Robert J. Marks and Oxford mathematician John Lennox discuss that in connection with Lennox’s new book, 2084: Artificial Intelligence and the Future of Humanity (2020).
Marks: It’s very easy to determine if who you’re talking to is a computer. You just ask them to compute the square root of 30 or something, because a human would take a while to get the square root of 30.
Especially to conservation of information theory: This brings us to a more general result known as the conservation of information. Design theorists William Dembski and Robert J. Marks defined the law of conservation of information in their 2009 paper “Conservation of Information in Search” and then proved the result in their follow-on 2010 paper “The Read More…
The Big Bang Theory sitcom’s Sheldon Cooper insists that in no universe would he dance with Penny. That mighrt be true, says Marks but there still isn’t an infinite number of universes: But, some claim, there is an infinite number of universes in the multiverse. That is ludicrous because there are no infinities in the Read More…
Marks: The assumption that today’s peer-reviewed paper has been vetted by experts and therefore has been awarded a blue ribbon for excellence is far from the truth. Peer review often does not do its job. Consequently, today’s collection of scholarly literature is exploding in quantity and deteriorating in quality.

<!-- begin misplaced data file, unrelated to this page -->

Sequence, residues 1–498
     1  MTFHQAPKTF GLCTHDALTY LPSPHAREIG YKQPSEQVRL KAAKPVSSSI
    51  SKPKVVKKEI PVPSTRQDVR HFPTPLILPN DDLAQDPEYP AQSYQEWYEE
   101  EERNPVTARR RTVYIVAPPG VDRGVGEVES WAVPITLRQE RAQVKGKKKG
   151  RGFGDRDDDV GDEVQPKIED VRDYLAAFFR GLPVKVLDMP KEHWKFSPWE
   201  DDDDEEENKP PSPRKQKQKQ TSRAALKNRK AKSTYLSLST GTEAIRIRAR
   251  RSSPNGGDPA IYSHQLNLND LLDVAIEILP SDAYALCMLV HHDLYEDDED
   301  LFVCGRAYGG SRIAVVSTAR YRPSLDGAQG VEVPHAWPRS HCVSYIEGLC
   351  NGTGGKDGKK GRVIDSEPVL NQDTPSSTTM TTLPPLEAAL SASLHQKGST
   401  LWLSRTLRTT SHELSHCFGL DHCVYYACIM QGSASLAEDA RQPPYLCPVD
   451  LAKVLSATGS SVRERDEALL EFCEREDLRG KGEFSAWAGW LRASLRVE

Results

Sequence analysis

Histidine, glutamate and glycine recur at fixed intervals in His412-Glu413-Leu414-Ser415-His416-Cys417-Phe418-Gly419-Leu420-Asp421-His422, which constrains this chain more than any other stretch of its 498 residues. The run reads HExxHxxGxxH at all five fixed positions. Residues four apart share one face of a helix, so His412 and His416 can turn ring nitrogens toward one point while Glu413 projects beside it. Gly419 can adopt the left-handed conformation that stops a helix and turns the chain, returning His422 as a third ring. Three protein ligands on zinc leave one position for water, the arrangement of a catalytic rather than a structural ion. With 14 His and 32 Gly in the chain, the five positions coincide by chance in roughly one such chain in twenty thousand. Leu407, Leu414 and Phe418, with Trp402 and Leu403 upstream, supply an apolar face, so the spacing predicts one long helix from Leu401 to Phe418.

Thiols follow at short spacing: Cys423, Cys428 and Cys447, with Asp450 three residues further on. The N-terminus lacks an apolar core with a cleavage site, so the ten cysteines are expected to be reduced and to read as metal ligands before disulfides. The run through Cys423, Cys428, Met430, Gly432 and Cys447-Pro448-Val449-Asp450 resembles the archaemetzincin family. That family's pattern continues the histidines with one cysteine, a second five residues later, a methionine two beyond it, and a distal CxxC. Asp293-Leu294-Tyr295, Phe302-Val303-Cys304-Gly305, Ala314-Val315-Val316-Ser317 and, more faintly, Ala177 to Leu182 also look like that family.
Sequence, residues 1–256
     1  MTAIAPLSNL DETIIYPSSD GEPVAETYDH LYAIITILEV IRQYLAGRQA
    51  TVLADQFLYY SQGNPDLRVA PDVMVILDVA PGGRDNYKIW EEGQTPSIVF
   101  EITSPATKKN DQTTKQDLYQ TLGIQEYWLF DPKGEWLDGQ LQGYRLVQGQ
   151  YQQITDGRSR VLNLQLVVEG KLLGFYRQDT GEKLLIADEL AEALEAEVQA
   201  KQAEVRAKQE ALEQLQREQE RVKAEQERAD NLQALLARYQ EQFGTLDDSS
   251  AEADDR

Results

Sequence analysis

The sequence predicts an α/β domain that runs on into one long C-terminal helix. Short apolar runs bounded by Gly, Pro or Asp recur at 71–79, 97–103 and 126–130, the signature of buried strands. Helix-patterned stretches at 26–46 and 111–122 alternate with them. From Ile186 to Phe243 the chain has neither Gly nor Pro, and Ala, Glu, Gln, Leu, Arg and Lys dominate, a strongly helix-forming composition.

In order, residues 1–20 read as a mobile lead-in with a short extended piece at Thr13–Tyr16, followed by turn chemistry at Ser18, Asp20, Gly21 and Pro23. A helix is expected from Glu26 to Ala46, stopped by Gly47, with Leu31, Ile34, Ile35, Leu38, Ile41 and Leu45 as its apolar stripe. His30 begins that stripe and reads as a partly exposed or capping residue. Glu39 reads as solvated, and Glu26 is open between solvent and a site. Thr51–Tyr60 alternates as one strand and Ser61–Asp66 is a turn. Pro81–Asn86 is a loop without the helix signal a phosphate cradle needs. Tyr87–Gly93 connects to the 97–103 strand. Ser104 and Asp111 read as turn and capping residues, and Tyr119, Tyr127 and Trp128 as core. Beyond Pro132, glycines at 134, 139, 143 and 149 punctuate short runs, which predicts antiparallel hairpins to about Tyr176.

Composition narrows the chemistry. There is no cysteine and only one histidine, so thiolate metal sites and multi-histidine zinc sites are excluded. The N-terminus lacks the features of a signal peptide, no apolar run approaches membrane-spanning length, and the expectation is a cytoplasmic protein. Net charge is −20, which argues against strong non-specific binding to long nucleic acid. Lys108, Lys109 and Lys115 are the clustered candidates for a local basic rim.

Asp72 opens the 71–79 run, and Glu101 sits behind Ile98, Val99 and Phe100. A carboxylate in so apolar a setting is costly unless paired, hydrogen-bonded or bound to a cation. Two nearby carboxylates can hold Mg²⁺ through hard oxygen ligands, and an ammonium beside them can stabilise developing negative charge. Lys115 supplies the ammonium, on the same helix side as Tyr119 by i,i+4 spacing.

In Silicon Valley that has long been a serious belief. But are we really anywhere close?
One interesting aspect of near-death experiences is that survivors’ accounts speak of sensing things they had not sensed before. What they sense is non inconsistent with science but it is typically unknown to most people.
Today, we know much more about what happens to people when they die—and what we are learning does not support materialism.
Robert J. Marks: It’s always easy to determine if you are talking to a computer or a human. You can just ask them to compute the square root of 30 or something because a human would take a while to get the square root of thirty …
Why it isn’t: Biomedical engineer Yuri Danilov: Again, it is a separate discussion, extremely painful for many but it is something that is happening right now.
Marks’s point is that such biases are not a matter of villains taking over. It’s a normal feature of the way people think. And people program computers. Doubtless, it finds its way into evolution issues for which people say they ran a simulation on a computer.
It seems that the programmer would have to make the computer smarter than he is, which means smarter than itself. That’s a challenge.
Laws concerning the way people behave around numbers mean that quantification itself invites certain types of corruption.
Many biologists claimed to have written code to simulate evolution. But the popularization of the No Free Lunch theorems showed that the computer programmer must infuse guiding information into the evolutionary program to make it work. To explain the diversity of creativity, an evolution process must be directed.
One outcome of Simpson’s Paradox is that machines cannot replace statisticians in analysing results. A great deal depends on interpretation, as Marks shows. “Clustering remains largely an art.”